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A very different Beijing Olympics

The Beijing Summer Olympics of 2008 were seen as a coming-out party for the economic and geopolitical powerhouse of the new China. For all the power projection of their grandly synchronised opening ceremony, attendees remember the Games’ warm atmosphere and Beijingers’ delight in welcoming visitors from across the world. Many western capitals saw the event as affirming their optimistic vision of a China becoming increasingly integrated into the world community — and one whose system would, with time, move closer to their own. Fourteen years later, the Beijing Winter Olympics opening next Friday are taking place in a very different China, and a different global context.

It seems a touch surreal that the Games are happening at all, at a moment when the Omicron variant has taken coronavirus cases to a new global high, and in a location where they will use almost entirely artificial snow. They will be held in a “closed loop” in which 11,000 visitors will be cocooned in three competition zones as much as 111 miles apart, completely sequestered from the Chinese population.

This bubble is intended to prevent contagion between Games participants and the local community, driven by the zero-Covid policy to which Beijing is still clinging. But it serves as at least a partial metaphor for today’s China: one that has moved strongly away from engagement with the west, and especially from any idea of integrating into a western-led international order.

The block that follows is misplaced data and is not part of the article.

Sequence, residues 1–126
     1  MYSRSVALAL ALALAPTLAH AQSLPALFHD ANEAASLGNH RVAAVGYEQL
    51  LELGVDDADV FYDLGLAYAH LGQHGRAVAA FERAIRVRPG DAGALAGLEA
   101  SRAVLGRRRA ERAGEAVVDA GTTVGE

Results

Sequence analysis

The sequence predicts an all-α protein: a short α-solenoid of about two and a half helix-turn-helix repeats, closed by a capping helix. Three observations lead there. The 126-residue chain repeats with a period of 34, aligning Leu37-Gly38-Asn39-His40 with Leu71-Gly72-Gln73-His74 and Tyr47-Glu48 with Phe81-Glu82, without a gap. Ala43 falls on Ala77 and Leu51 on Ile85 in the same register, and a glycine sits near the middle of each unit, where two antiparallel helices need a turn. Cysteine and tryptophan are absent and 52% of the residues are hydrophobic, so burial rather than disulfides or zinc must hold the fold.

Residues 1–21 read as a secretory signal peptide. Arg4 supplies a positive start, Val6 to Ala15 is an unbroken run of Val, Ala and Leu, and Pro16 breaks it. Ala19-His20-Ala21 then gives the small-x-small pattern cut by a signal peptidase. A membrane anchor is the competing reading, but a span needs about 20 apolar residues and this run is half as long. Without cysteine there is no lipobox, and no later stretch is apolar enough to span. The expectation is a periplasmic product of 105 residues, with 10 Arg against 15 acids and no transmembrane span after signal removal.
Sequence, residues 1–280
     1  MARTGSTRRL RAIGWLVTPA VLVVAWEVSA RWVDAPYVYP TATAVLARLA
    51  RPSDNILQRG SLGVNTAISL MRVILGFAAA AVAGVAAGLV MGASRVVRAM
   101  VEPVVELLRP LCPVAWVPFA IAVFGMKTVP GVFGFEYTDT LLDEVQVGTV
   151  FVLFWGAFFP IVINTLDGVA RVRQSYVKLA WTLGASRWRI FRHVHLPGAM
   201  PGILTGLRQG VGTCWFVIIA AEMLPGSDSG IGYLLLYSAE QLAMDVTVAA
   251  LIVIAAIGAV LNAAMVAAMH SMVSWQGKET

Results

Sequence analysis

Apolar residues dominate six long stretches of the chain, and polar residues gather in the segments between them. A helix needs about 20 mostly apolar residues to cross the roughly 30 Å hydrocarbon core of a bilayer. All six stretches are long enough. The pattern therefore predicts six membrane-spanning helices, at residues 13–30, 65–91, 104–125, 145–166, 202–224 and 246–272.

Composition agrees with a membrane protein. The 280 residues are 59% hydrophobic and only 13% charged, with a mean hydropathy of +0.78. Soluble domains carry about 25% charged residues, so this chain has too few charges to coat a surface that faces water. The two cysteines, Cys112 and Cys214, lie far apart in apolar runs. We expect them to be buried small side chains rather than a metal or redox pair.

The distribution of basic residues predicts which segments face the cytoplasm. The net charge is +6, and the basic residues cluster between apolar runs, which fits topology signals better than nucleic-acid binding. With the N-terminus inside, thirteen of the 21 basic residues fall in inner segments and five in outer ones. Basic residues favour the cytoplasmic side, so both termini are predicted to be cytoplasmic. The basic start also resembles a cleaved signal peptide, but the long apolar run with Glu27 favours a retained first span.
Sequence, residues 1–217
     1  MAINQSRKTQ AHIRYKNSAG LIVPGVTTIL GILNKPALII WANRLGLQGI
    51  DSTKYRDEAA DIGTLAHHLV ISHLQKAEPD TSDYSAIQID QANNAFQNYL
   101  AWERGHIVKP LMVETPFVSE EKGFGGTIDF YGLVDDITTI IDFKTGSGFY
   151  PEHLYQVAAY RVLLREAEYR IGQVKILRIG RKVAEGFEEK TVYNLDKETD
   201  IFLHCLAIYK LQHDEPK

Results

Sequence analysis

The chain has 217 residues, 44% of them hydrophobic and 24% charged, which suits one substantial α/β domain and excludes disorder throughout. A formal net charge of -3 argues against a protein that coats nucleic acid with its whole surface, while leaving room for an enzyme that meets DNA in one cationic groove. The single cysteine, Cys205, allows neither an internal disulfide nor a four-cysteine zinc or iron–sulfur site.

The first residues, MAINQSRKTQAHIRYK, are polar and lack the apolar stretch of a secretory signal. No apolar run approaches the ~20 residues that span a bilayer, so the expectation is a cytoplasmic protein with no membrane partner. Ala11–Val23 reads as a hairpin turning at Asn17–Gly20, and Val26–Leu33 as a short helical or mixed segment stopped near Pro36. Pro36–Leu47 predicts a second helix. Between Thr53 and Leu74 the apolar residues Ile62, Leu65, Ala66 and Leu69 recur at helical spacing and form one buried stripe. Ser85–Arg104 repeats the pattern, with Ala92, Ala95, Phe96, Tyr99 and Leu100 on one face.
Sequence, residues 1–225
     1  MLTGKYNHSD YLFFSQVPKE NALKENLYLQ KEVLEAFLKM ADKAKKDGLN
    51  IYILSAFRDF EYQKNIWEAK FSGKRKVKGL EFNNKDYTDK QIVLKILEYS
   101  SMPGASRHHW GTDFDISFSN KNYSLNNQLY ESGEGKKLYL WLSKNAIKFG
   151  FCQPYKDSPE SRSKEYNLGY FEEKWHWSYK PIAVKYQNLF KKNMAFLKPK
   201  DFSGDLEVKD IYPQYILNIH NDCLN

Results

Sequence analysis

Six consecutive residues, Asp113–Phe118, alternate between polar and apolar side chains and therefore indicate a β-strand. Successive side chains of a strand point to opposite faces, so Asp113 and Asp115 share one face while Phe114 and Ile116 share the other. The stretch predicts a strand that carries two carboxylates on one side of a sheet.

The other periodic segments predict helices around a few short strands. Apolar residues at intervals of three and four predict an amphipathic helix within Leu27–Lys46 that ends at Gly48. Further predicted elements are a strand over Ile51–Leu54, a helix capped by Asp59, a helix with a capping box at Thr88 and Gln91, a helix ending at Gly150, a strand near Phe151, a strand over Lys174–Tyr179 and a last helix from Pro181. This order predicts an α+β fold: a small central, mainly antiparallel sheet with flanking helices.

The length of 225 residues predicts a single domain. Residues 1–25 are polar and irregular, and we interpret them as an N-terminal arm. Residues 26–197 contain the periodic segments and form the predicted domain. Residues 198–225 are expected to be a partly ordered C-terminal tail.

Many Chinese blame the west for this divergence. The US has become increasingly mistrustful of a country it now sees as its principal strategic competitor. The trade war launched by the Trump administration has not been resolved by the Biden White House. Yet China’s shift was triggered earlier, by the man who, as a Politburo member, was in charge of final preparations for the Beijing summer Games: Xi Jinping.

In 2008, the US and its allies still thought bringing China into the global trading system and boosting economic ties would empower a middle class that would demand political freedoms.

In 2022, China does have a substantial middle class, record numbers of billionaires and a mighty economy. But it has shifted to a more authoritarian rule at home and combative relations abroad. A secret Communist party document circulated in 2012 — months before Xi became party chief, then president — was highly critical of what it called malicious ideals spreading in China such as constitutional democracy, civil society and universal values, and warned of western “anti-China forces”. Xi has acted forcefully to stop that spread.

China under Xi has conducted crackdowns on mainly Muslim Uyghurs in Xinjiang and the opposition in Hong Kong, repressed internal dissidents, and curbed private businesses seen as posing a challenge to state power. It has asserted its claim to sovereignty in the South China Sea, and acted aggressively against foreign critics.

As a result, the winter Games face diplomatic boycotts — by the US, UK, Australia, Canada and others — that did not feature in 2008. Today’s Beijing leadership cares little. Domestic media will present a narrative of China successfully holding the Olympics against the odds, fearlessly managing the event in the face of a pandemic and attempted western interference.

Hopes that the 2008 Games were evidence of openness by Beijing to join the international order proved misplaced. The 2022 Winter Olympics may turn out to be a staging post on the way to China’s ambitions to lead a future world order of its own. Not for the first time in its history, the western world is left to rue how it got China so wrong.

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